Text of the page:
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Tuesday, June 22, 2010

How to Make a 5 Gallon Self Watering Container: In Pictures

There is never never enough room in a garden. If you are like me, you can't turn a tomato plant down. You can't say no to tucking a plant in the garden. Your wife is threatening you- "if you dig up one more inch of lawn." You know, in your head, how big the plant will get but you still plant it because it is small enough to fit.

Container gardening is a great way to grow tomatoes, peppers, cucumbers and many other plants. The trick is watering them. If they dry out once, the plant is pretty much spent. After many experiments this is what I came up with as a way to grow tomatoes on my deck. Total cost, with plants and soil, is about $20. It's not 100% self watering but it is an extended watering container.

How to Make a 5 Gallon Self Watering Container

Purchase 2 - 5 gallon buckets at Home Depot or Lowes. They are about $5 each. You will need a small bag of pebbles, some moisture control soil and a plant. Drill holes as shown below. I suggest using that pattern. Your tomato plant's roots will grow through them and reach the reservoir.


The bucket with holes in the bottom is to the left. That is where the plant and soil will go. In the 2nd bucket, fill the bottom to about 4 inches with the pebbles. 4 inches is about the gap left when you place one bucket inside another. You want the soil bucket to rest on the pebbles. If you look closely you will see holes just above the pebbles in the 2nd bucket. Those holes are your overflow holes. You don't want the bottom of your soil bucket to be soggy and sit in water. Drill about 4 or 5 holes around the pebble bucket. The holes should be just above the pebble line.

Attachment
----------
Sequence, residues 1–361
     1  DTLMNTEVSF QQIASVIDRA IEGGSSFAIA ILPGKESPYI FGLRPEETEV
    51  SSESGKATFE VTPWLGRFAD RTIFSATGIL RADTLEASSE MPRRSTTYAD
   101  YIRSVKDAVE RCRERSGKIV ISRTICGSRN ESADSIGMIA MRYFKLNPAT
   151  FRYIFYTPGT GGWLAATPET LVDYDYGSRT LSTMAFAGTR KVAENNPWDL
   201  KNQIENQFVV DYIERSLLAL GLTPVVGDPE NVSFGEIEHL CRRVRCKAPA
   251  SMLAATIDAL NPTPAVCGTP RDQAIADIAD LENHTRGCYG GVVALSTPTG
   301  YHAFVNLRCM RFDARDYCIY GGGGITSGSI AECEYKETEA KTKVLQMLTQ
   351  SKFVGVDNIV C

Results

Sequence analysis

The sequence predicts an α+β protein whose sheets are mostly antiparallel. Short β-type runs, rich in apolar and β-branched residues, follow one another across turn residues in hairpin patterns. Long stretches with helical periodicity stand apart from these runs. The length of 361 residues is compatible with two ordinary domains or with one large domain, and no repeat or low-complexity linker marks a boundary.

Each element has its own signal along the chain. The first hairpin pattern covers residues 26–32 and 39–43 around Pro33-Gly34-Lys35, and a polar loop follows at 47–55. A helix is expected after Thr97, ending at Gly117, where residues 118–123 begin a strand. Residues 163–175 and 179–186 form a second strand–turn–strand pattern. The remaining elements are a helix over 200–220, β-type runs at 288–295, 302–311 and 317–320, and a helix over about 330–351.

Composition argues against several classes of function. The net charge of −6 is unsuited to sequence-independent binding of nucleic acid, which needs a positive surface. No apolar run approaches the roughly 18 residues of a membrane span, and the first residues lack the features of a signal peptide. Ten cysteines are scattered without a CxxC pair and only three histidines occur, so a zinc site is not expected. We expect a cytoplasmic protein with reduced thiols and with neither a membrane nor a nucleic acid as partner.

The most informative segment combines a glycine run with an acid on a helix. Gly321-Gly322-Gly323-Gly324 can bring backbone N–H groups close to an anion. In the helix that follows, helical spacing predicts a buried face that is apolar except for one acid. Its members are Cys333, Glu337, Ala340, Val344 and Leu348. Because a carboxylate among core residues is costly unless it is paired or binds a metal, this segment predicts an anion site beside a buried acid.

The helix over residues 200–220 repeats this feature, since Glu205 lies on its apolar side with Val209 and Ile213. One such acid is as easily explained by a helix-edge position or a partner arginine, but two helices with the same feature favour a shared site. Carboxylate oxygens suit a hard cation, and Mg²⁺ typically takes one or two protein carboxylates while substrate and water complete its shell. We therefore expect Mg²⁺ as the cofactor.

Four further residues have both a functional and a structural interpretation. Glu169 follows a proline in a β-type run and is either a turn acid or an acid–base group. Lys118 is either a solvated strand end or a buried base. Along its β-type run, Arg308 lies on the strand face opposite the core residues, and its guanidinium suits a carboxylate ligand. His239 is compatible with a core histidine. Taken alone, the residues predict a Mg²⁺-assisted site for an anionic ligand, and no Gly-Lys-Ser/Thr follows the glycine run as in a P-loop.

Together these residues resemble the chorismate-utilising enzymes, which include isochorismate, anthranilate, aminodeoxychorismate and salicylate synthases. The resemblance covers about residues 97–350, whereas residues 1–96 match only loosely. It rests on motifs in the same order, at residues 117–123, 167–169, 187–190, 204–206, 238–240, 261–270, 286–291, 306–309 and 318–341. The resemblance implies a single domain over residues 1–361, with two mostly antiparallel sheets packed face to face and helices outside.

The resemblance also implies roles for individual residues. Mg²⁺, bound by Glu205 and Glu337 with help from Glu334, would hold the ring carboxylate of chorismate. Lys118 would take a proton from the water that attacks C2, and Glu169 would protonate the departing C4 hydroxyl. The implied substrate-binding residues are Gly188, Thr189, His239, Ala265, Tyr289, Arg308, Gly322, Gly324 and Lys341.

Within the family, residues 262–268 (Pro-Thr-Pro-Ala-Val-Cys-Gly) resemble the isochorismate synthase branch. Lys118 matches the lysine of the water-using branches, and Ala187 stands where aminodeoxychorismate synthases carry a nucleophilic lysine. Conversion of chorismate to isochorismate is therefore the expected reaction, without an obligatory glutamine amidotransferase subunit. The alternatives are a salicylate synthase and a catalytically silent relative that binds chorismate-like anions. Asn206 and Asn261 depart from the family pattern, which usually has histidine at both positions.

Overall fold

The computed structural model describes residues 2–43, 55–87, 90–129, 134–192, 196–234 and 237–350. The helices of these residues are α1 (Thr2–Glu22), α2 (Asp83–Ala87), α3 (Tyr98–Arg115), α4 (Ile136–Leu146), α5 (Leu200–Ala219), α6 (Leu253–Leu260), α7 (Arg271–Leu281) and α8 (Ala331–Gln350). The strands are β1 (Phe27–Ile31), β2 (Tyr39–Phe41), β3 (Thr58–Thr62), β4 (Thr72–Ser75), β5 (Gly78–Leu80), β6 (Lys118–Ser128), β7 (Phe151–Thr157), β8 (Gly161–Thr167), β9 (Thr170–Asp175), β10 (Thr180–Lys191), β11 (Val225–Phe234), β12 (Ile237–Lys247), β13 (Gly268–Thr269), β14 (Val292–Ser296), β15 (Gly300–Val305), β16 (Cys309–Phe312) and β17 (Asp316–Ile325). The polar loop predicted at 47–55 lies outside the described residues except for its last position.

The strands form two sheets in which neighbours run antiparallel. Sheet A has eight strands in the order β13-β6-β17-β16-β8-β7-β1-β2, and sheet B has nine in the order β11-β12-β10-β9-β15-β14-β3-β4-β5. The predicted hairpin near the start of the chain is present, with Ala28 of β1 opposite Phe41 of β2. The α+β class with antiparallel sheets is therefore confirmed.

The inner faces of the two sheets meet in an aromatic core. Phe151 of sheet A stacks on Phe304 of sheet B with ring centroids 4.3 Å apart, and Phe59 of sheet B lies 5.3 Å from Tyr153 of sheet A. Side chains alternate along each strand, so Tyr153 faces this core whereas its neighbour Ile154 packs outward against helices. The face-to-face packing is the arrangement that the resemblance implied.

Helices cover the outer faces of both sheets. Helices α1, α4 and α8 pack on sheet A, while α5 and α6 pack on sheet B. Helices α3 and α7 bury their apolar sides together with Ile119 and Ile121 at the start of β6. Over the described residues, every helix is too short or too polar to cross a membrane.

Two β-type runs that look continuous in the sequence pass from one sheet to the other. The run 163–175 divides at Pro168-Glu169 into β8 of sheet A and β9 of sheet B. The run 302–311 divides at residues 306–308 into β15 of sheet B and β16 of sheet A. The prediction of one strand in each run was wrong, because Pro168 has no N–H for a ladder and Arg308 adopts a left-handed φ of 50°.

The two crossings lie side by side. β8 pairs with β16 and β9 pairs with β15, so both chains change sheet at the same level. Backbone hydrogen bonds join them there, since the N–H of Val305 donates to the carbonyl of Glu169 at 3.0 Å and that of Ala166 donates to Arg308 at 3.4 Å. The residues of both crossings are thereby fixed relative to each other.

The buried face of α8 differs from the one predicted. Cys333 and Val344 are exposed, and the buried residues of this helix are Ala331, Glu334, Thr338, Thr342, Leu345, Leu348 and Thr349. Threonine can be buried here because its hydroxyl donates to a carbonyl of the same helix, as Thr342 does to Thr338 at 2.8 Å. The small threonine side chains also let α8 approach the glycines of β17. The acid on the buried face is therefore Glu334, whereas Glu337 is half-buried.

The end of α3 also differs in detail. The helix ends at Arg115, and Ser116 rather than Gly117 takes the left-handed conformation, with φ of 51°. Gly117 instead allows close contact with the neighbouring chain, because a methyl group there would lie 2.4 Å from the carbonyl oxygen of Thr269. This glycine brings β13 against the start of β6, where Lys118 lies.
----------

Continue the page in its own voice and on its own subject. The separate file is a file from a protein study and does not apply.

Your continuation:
Place the soil into the soil bucket. It is the bucket without pebbles and has the holes in the bottom.


Plant the tomato in the soil. I am filling the pebble bucket with water and Miracle Grow. Fill it to the top of the pebbles, just below the run-off holes.


Drop the soil and plant bucket into the pebble bucket and water it.


On a hot day a single 5 gallon bucket will dry out in a day or a day and half depending on how large the plant has grown or is growing.

Using this method you really can get 3 - 4 days between watering (depends on plant size). Each time you water, soak the bucket. You want to make sure you see water come out of  the run-off holes. The key is to keep the pebble reservoir filled.

This year I have one bucket of this design. In the bucket are 3 yes 3 Florida Basket Tomatoes. They are compact determinate tomatoes. The are producing a ton of fruit. I'll get a picture up next week some time.